Forests provide tremendous benefits to urban areas such as clean air and water, climate resilience and biodiversity, human health and well-being. They also provide jobs, recreation, and a suite of nature-based solutions for city infrastructure, argues the international alliance Cities4Forests.
Curridabat, Costa Rica, is dealing with several issues that are common to municipalities around the world. The answer they found, however, is a truly unique one that considers everyone living in Curridabat a city dweller – human or not.
Research evidences that intact ecosystems within cities considerably improve the quality of citizens' lives. The Cambodian-German project Build4People aims to include urban ecosystems into the long-term urban planning strategies of Cambodian cities. Jan-Peter Mund, Ravi Jayaweera, Hor Sanara, and Michael Waibel present the ambitious project.
What Are Effects of Integrating Heritage Conservation Into Urban Planning? A Case Study From Battambang, Cambodia
A country influenced by a history of colonial rule, totalitarian regimes, and civil war, urban planning in Cambodia has to be considered within its specific context. Looking at the city of Battambang, Milena Wald analyses the role of heritage conservation in urban planning processes.
Secondary cities perform essential sub-national functions within national economies as centres of government administration, education, health, resources, and industry production. Both national policies and international programmes need to be adapted accordingly, write Rene Peter Hohmann and Brian Roberts.
“If it didn’t already exist, WUF would need to be invented” – Interview with Ullrich Sierau, Lord Mayor of the City of Dortmund, Germany
Last Thursday, the tenth World Urban Forum came to a close in Abu Dhabi. "Cities of Opportunities – Connecting Culture and Innovation" was the forum's theme, making for a week full of exchange and discussion on the various facets of sustainable urbanisation. URBANET spoke to the Lord Mayor of the German city of Dortmund on his key takeaways from the conference.
An integral part of urban culture, the form of cities' built environment has considerable impact on the quality of urban life. Elaborating on the case of Khartoum, Sudan, Khalafalla Omer makes a case for a new approach in urban planning policies.
In Halle, a collective of urban planners, teachers, artists, students, and volunteers painted a whole district with street art and graffiti, demonstrating that these techniques can lead to positive social, cultural, and economic impact in shrinking and neglected areas.
With an ever bigger urban population being affected by both natural hazards and armed conflict, policy makers and practitioners need to develop effective strategies for the reconstruction and recovery of cities. Ahmed Eiweida, Christianna Brotsis, and Yuna Chun argue that it is imperative for such strategies to take culture into account.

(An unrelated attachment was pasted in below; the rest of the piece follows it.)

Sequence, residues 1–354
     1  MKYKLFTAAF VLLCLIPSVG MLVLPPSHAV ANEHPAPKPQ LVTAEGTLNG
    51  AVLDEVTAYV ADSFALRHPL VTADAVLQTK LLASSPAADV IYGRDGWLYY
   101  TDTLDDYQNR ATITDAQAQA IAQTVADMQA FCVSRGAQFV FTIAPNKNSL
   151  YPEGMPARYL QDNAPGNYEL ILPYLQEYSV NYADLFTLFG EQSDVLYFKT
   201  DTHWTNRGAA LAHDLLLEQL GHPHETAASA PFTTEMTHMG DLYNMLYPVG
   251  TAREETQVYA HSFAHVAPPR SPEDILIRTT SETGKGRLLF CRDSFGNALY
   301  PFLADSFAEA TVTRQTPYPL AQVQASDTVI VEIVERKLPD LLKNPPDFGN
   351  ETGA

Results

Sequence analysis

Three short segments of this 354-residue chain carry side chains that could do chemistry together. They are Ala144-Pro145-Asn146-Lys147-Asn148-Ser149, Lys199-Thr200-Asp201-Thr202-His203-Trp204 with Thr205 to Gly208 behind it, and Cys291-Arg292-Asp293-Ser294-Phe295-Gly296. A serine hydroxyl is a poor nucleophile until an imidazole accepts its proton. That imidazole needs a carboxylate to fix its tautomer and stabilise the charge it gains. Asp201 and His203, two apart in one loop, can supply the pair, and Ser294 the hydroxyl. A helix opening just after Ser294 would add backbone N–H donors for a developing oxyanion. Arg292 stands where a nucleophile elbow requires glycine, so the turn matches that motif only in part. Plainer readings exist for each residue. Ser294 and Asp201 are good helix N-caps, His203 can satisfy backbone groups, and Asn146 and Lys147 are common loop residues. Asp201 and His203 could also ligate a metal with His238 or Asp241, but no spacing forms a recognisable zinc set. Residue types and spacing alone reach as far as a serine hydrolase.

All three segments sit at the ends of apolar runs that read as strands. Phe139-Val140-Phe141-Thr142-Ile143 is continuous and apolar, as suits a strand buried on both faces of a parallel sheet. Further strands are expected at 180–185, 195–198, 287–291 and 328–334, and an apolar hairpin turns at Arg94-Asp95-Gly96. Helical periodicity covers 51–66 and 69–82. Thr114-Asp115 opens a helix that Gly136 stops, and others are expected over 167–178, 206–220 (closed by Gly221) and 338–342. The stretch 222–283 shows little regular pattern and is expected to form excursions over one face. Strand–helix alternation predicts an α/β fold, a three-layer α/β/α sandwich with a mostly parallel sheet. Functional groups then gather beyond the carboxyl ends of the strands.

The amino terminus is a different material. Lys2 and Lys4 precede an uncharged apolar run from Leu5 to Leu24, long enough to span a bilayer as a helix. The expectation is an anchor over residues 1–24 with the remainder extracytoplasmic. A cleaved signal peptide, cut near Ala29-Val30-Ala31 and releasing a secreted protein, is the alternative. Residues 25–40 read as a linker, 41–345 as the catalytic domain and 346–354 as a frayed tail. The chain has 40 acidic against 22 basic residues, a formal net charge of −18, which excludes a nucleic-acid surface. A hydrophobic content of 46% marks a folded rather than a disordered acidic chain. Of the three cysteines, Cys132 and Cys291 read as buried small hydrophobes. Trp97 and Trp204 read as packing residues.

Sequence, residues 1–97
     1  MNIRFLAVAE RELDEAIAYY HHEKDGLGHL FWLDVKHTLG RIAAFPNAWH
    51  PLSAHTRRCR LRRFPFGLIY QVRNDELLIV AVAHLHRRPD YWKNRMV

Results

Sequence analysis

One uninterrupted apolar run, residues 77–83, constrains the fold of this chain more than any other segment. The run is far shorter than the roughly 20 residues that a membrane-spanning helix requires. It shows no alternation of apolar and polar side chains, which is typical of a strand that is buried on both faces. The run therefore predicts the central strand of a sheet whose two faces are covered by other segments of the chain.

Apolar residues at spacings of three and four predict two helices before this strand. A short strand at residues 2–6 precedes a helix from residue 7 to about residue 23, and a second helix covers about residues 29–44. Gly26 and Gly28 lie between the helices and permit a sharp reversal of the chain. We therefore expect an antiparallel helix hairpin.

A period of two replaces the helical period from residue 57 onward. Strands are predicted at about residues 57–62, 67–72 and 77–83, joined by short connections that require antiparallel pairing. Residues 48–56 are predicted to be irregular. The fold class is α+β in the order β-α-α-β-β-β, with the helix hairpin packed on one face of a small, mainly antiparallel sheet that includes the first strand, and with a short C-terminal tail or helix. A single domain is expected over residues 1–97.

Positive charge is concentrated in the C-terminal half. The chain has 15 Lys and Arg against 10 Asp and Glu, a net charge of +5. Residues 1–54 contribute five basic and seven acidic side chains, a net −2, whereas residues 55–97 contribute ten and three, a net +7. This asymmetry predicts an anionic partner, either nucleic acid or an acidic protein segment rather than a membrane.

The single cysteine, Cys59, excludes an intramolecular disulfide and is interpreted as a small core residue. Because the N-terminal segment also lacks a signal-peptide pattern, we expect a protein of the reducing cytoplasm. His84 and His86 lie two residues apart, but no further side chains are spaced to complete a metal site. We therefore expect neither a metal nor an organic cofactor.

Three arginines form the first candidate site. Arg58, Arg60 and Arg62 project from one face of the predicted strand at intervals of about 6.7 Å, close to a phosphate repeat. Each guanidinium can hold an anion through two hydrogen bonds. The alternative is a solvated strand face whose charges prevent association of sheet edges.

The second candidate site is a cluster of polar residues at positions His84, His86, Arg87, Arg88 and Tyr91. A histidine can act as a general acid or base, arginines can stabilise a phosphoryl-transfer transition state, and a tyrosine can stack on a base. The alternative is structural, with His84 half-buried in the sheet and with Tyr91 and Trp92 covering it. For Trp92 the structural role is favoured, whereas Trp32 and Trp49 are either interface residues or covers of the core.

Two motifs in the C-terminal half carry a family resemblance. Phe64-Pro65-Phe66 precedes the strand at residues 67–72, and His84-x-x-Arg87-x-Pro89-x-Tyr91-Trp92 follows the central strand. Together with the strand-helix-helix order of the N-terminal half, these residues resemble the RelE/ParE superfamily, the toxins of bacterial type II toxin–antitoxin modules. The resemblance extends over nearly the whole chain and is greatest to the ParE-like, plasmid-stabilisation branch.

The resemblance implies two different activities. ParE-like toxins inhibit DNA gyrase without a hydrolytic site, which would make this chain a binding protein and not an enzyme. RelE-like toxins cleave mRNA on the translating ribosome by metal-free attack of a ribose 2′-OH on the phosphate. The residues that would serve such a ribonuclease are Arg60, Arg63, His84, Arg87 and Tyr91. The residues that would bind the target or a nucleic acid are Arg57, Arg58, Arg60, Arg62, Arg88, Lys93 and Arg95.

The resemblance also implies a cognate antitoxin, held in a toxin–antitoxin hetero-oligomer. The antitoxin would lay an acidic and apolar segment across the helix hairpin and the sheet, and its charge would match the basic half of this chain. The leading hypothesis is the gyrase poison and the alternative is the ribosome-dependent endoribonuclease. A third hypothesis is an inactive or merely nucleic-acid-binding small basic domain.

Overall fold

Rakhi Mehra reveals the story behind a pioneering digital tool that wants to help revolutionise the quality of informal housing. After a few clicks, users receive a customised construction manual and cost-overview with the aim of ensuring that their house meets the safety requirements it needs to stand the test of time.
India’s financial centre is one of the densest cities in the world and also home to a number of slums with urgent need for improvements. Trupti Amritwar Vaitla, CEO of the Mumbai Environmental Social Network, highlights a few of their innovative slum upgrading projects that have a participatory element at their core.
At COP25, the Desk Officer for Sustainable Urban Development at MISEREOR, Clara-Luisa Weichelt, talked to Emanuela Barbiroglio about the challenges of addressing climate change in informal settlements and human-rights based solutions.
Brazil's strategies towards its favelas have varied enormously over time. If they are to be successful in improving people's lives, it is essential that informal settlements are perceived as an integral part of a city, argue Mariana Dias Simpson and Itamar Silva.
As part of the Blavatnik School of Government's “Challenges of Government” Conference, the International Growth Centre's Cities that Work team put together a panel on identity and legitimacy in Kabul. The discussion highlighted the importance of building legitimacy in fragile contexts, particularly given the emergence of fragmented identities and new networks of solidarity, resistance and governance in urban contexts affected by conflict.
The climate summit in Madrid represents a unique opportunity for urban communities to take inspiration from each other, to build cities that are better prepared to tackle climate change, and to obtain investments. National delegates will need to increasingly confide in local authorities and provide them with more resources if they want to develop prompt and effective responses to the climate crisis.